Save our Art shops!
THREE of my favourite art shops have closed down within the last year, two in West Kent and one in East London.
The loss of one was bad enough but the third was a crushing blow, that one had a huge selection.
Artists seem to be keeping very silent about the loss of their art shops. I think three is rather a lot to lose.
The only 'art shop' left in my town is a W H Smith which just sells dreary office basics or things for school children and toddlers. There is only a limited range of paper products, such as bright coloured card, again for small children, and shops just stock primary colours. You are lucky to find a sable paint brush in them but if you want a plastic one, you are spoilt for choice. There is virtually nothing for adults.
If people need oil or a special kind of paint, they have to go to another town. Ironically, there are plenty of DIY shops in most towns.
I've noticed that many small British towns are just not artist-friendly. I live near a 'commuter town', full of office-workers. They have clothes shops, numerous card and gift shops and supermarkets if but you are one of those people who prefer to actually 'make things', it is a real job, so you end up sticking to drawing on a 'child's drawing pad' from a pound shop as the shop doesn't supply much else.
Even when I was in East London the other day, as my favourite one had closed, I couldn't find an art shop for miles, all I saw were relentless Starbucks, cafes, bars and restaurants. It appears tha t the City of London has 'no artists at all', with the severe lack of artshops. I ended up finding one near Charing Cross after a hike.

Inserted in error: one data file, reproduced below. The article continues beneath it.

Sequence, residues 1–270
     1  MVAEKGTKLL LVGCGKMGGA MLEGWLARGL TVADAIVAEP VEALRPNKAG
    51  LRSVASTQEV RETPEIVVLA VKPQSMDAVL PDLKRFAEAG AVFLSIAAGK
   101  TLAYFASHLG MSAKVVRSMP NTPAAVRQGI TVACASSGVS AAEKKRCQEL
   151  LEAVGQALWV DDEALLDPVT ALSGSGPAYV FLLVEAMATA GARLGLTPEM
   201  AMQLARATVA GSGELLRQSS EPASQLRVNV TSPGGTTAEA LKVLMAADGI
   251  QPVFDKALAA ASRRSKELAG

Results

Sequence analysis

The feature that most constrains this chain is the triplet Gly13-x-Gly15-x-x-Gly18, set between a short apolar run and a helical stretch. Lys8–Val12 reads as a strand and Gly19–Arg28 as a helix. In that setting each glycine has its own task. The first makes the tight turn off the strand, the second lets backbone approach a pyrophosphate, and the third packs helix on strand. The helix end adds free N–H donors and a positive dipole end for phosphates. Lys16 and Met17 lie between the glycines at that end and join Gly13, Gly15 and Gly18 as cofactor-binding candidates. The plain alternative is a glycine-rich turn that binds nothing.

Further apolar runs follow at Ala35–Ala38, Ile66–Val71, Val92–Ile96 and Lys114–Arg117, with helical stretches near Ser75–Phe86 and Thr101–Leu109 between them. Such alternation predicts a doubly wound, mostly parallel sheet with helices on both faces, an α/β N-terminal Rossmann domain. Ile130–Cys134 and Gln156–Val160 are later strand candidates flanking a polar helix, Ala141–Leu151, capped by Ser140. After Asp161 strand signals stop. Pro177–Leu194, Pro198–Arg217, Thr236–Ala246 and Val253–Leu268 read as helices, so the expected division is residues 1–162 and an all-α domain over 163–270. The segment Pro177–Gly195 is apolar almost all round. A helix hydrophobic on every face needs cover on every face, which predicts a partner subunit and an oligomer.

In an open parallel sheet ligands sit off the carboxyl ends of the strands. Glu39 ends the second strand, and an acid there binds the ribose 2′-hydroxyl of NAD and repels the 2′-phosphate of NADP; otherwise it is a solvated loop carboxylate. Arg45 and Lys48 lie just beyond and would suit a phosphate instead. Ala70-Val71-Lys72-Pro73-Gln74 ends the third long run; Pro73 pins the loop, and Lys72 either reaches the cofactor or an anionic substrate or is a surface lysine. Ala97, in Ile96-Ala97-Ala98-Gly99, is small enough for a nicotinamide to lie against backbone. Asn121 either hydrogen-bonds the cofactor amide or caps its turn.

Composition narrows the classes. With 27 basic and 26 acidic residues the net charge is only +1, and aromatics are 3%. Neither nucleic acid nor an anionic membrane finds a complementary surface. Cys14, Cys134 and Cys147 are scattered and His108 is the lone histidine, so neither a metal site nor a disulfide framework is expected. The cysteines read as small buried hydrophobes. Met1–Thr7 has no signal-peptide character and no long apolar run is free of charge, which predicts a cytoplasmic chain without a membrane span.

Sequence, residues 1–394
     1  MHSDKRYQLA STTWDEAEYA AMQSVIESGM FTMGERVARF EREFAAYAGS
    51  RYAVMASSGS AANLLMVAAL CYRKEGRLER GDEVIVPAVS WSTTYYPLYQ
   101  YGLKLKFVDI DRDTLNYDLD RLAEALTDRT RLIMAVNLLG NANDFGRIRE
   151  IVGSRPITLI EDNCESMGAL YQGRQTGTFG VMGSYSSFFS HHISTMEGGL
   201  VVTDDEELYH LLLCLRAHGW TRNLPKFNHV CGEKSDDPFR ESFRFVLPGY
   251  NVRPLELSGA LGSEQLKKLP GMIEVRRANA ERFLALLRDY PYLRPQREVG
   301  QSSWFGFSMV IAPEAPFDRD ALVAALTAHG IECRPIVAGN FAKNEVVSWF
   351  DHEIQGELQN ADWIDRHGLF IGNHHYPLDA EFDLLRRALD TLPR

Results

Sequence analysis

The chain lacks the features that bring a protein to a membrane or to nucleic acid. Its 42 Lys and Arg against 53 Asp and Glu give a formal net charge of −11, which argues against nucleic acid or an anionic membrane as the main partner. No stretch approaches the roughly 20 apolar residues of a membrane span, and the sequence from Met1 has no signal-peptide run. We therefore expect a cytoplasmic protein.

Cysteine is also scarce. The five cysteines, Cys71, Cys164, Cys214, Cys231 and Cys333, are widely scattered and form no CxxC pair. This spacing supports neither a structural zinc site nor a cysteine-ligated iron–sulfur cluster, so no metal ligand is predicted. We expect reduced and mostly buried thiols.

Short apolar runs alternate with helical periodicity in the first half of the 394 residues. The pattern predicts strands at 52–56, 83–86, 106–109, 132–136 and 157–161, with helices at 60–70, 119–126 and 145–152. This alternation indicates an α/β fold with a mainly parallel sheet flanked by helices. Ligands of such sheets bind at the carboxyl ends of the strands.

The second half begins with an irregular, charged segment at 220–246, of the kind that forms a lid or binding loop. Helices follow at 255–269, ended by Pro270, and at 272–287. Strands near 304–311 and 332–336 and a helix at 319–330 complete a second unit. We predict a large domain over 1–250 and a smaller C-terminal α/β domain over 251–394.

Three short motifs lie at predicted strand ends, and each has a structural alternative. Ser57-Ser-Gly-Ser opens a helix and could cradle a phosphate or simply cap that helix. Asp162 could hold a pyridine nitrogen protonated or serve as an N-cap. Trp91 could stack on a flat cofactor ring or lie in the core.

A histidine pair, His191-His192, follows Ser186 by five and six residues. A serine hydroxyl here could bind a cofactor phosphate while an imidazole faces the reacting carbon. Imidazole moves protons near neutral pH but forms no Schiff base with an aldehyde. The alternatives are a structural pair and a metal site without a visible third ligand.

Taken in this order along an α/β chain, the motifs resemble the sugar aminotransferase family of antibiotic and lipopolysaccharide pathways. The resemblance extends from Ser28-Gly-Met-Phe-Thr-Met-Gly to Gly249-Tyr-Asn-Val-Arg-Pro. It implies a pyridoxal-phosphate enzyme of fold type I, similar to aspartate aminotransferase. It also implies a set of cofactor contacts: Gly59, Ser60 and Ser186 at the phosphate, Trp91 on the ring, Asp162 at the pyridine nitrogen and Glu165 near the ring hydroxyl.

Without art in the community, more and more of these commuter towns and villages become dull. I always thought artists were supposed to be part of the community but in some ways, I feel they are being ostracised.
Only once or twice a year does my town hold an art exhibition, perhaps because the artists spend a lot of time hunting for materials or because they're not very culturally minded. And in some towns, there are hardly any sculptures either.
With the lack of art shops, I had thought of being 'an aborigine' and use natural materials in dire necessity 'to create' something; artists just can't be stopped.However, it depends what project you want to do. I need to stock up on metallic paints and I don't exactly get the same effect using 'soil', and aborigine work in Kent, can look somewhat incongruous, though 'interesting'.
Going on Ebay isn't much help either as sometimes you want to browse and in an art shop you can meet other like-minded people, and you can browse the ads for 'studios, art classes and the like'. It also an uplifting and an inspiring place.
In order for me to stock up on some decent materials I have to trudge to Tunbridge Wells, which is nearly ten miles from where I am. Another shop, that has 'everything, is even further at 15 miles. I don't want to spend my valuable time travelling. Some of us only have weekends available.
Is it a way to turn artists into 'robotic office workers?'.